If you’re a woman thinking about starting a family or actively trying, it can be a strange time. After spending your whole adult life trying not to get pregnant, it can seem as if once you start trying things will go off without a hitch-and they often do. But when it comes to optimizing your and your future baby’s health, it can be a bit more complicated than ditching the birth control and taking a prenatal.
The good news: Your health and your fertility are largely in your hands, regardless of age. By optimizing nutrition, lifestyle, supplement regimens, and planning ahead, you can feel confident that you will be doing everything in your power to have a healthy pregnancy! So what can you do to prepare yourself (and your partner)? I’ve broken it down into the different stages of preconception planning. And don’t worry, if you’re already trying to conceive or currently pregnant, it’s never too late to adopt healthy strategies for you and your little one!
Starting About 1 Year Prior to Conception:
1 year?! Yes, ideally, women should start preparing their bodies at least one year prior to pregnancy. This is because certain chronic conditions, nutritional imbalances, and health optimization strategies take time to come into balance, or should not be completed too close to pregnancy. This is a valuable window of opportunity for women who are in the beginning stages of planning for a family.
At this stage is the optimal time to work with a functional medicine practitioner to get a pre-pregnancy checkup, where they can test your levels of heavy metals, your nutrient status, your genetic SNPs, and any other functional testing that can help determine what steps you need to take to optimize your nutrient status, decrease your toxic load, and support any genetic polymorphisms that may have a clinical impact. This is the ideal time to identify any underlying conditions that might make pregnancy more difficult, and address them well ahead of time.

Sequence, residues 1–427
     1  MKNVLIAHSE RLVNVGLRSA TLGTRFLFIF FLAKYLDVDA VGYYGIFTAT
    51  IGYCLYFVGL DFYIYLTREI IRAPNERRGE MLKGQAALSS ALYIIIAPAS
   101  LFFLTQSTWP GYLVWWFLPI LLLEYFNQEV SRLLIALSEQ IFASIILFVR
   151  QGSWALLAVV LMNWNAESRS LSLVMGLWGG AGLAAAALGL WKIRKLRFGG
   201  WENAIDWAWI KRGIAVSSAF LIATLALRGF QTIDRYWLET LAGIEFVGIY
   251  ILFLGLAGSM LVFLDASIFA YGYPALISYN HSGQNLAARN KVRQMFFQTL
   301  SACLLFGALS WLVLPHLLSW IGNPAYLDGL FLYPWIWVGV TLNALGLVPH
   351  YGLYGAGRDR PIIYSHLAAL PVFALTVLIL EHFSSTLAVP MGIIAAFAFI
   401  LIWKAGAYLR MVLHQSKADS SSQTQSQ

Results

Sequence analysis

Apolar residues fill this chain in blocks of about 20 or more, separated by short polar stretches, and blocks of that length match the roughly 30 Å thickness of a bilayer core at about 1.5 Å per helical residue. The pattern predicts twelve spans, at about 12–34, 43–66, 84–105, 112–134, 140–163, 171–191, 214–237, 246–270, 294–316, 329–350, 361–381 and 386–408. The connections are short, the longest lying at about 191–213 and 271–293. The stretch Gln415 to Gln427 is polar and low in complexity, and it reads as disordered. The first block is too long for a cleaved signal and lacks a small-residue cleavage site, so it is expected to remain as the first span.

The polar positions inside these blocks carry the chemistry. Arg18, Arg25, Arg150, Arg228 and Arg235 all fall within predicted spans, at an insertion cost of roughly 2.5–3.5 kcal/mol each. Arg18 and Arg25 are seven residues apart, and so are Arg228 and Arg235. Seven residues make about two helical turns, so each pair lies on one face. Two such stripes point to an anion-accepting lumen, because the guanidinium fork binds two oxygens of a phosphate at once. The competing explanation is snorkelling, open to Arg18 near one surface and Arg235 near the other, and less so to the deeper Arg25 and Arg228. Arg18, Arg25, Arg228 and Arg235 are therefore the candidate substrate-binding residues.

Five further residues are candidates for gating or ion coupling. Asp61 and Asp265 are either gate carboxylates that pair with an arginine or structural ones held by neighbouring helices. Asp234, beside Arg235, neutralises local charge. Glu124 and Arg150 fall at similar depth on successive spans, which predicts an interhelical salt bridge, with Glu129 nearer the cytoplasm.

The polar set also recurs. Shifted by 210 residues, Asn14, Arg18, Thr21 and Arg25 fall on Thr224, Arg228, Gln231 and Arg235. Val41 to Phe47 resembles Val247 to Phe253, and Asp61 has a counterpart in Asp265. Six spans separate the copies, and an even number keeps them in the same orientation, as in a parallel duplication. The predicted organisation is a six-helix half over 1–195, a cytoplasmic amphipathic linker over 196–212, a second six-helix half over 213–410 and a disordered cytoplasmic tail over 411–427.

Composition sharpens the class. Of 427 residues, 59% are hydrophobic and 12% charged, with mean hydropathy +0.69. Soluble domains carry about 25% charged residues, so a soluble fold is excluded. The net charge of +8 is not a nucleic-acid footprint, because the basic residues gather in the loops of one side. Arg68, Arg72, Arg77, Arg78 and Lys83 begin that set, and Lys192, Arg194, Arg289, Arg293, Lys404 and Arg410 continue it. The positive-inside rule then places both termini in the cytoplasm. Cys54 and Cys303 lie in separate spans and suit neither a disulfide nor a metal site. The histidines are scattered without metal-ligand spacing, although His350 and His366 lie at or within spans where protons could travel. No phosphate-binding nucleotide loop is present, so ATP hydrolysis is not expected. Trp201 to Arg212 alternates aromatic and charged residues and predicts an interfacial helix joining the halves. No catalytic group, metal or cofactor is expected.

Now is also the time to start thinking about ways to reduce your toxic exposures. Start to gradually replace plastics in the kitchen, shop for cleaner versions of personal care products, cleaning supplies and fragrances, and look for a good water filter. This is also the perfect time to achieve a healthy weight (for both men and women), begin a moderate exercise program, and focus on a healthy diet. A Mediterranean Diet that focuses on fish, fruits, vegetables, whole grains, legumes, and olive oil is an excellent foundation for most people. If you’re feeling up to it, there is evidence that avoiding alcohol in the year before conception may prevent congenital heart defects, and it would certainly help your liver detoxify more efficiently during this time.
About 6 Months Prior to Conception:
Emerging data on sperm health indicates that men may do well to avoid alcohol for six months prior to conception to prevent congenital heart defects. Just like for ladies, it certainly wouldn’t hurt, and at the very least it will help your ability to detoxify more efficiently.
This is also a good time for women to start taking a prenatal supplement. Most doctors will advise women to start prenatal multivitamins 3 months prior to conception to ensure adequate stores of key vitamins needed to prevent birth defects and miscarriage in early pregnancy, but there’s no harm in giving your body a little extra time to stock up-especially if you uncovered any nutrient deficiencies in your functional testing. Certain vitamins may even boost fertility by restoring ovulation and improving egg quality, so the earlier you start the better. I recommend a multivitamin offering at least 800 mcg. of methyl-folate, the more bioavailable form of folate, and avoiding any supplements with the synthetic form, folic acid.
If you haven’t started getting serious about a healthy diet yet, now is the time to start. Men and women need at least 3-6 months of good nourishment prior to conception, so adopting a plant-based, Mediterranean style Diet now is ideal. Starting to reduce red meat consumption around this time may also be a good idea since red meat consumption is associated with decreased fertility. If you’re a red meat lover, and particularly if you regularly consume processed red meats (bacon, sausage, hot dogs), you can do your health and your fertility a huge favor by swapping out red meat for fish, chicken, eggs, or plant-based proteins such as legumes, nuts, and seeds.